Back in November 2019 The Amazons played The Academy – a couple of thousand sized club venue a couple of miles across Birmingham from here. MV was there that night and wrote this at the start of our review: “Let’s get this said from the off. There’s no point in waiting for the conclusion. This is not a bombshell, just a fact. The Amazons are going to be huge. It is inescapable.” Fast forward two and a half years and there’s no change to that view. What you are looking at here is the next stars of guitar based rock n roll. Singer Matthew Thomson knows it too, although he points out that their first gig in the second city was “at the Sunflower Lounge, so this is amazing” (the Sunflower Lounge is a little wine bar where they put trendy little gigs downstairs), he knows – surely – that they are on the cusp of greatness. As “In My Mind” starts things off then they look born to be on this arena stage. New song “Bloodrush” is full of rock bombast too, and “Mother” from their last album “Future Doubt” is as ready to shake the foundations as it ever was. They’ve got confidence in their new material too, and “Ready For Anything” – a brand new tune that no-one has heard yet, belongs already. There probably isn’t anyone in the audience that wasn’t shocked by the death of Taylor Hawkins earlier on Saturday, and the cover of “My Hero” brings the house down. For all the emotion, though the overriding feel is of positivity and as “Black Magic” fades away, there’s only one conclusion: The Amazons are going to be huge. It might have been said before?

To fill an arena once is an achievement. To do it twice. Four and a half years apart? That makes you a serious big deal.

2017 it was, since we all gathered in here for Royal Blood’s first arena tour. Maybe they weren’t sure whether it would last at that point, maybe we weren’t – after all, they are, on the face of it a rather odd arena rock band.

But here’s the thing: Royal Blood are firmly in the Premier League.

Mike Kerr, the bass playing front man who plays bass guitar like no one on earth, surveys the crowd after “Lights Out” and there’s an air of incredulity about him as he says: “and people tell you rock n roll is dead, eh?”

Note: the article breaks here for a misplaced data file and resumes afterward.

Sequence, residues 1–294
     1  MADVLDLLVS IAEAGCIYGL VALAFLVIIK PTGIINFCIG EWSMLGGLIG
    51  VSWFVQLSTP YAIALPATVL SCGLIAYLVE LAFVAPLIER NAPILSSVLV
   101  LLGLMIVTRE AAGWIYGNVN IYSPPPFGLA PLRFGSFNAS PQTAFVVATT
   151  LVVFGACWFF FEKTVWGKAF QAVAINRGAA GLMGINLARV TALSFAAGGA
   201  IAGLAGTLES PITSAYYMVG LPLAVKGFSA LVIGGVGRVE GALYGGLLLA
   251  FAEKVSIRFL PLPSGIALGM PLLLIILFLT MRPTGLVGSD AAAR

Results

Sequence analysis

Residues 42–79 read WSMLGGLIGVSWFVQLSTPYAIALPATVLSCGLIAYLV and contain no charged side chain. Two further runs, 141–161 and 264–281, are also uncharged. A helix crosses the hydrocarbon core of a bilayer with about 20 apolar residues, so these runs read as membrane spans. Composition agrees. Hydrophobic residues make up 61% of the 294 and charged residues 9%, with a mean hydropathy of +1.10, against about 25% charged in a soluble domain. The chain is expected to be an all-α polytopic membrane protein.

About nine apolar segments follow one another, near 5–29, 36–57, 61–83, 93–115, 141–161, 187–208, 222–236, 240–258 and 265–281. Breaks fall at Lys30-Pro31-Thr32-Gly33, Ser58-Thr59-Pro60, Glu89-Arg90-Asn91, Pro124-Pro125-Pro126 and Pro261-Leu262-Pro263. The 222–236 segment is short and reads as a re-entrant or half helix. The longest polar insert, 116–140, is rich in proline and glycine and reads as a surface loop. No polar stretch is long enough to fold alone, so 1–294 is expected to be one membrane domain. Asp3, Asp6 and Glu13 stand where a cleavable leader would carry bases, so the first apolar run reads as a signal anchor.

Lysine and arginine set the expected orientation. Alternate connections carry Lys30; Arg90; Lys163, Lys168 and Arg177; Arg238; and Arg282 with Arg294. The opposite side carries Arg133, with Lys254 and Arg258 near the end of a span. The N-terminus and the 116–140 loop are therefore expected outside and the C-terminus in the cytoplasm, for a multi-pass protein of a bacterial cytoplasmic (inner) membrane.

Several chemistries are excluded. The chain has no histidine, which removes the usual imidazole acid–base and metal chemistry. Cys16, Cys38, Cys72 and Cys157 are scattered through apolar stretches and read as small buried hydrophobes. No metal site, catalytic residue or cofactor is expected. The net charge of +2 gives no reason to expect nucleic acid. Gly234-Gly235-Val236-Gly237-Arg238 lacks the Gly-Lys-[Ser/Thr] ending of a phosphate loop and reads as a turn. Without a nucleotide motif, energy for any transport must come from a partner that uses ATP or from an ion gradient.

There is, however, something kind of gratifying about it being Royal Blood that did this. Two piece bands are always odd. Ones that have no guitarist are, to be honest, even odder. The type of band that seemed to belong supporting Turbowolf in a tiny room a couple of years before they hit the big time, but had way bigger ambitions.

So, then, it still feels a bit like they are the outsiders even with thousands in here, as “Typhoons” starts up. One of  six from the “new” album that has been out getting on for a year, it like all the others, has fitted in superbly despite its darker tones.

Indeed, they are confident enough with the new material to do “Boilermaker” afterwards, but they understand the appeal of their brilliant debut record. And “Come On Over” is the first of most of it.

If you closed your eyes and just listened to the music, and immersed yourself in the structure of the show, then actually, Royal Blood are not a lot different to any other arena rock band. They absolutely thunder their way through “Hook Line And Sinker”, and the drum solo that Ben Thatcher plays after “Little Monster” shows him to be amongst the elite (it is accompanied with a picture of Thatcher and Taylor Hawkins on the big screen too).

There’s even the well paced sprint to the end that all arena gigs need. Darren James’ keyboards add a little texture to “Million To One”, “Limbo” and “Loose Change” pass by in a riot of sound and fury, and “Figure It Out” (arguably still their stand out moment) serves as your reminder that the only way to get to this level is to write songs that connect with people on a massive scale. This one has, for sure.

The encore starts with Kerr on piano for the poignant “All We Have Is Now”, but is soon back with all the hedonism of “Ten Tonne Skeleton” and when they do “Out Of The Black”, Thatcher leaves his kit to meet his people, before returning for an ending every bit as raucous as “Paradise City” would be.

Royal Blood, are, on pretty much every level, astonishing. And if always there’s the question of “how do they do it?!” about them, its time to forget it and just be glad they do.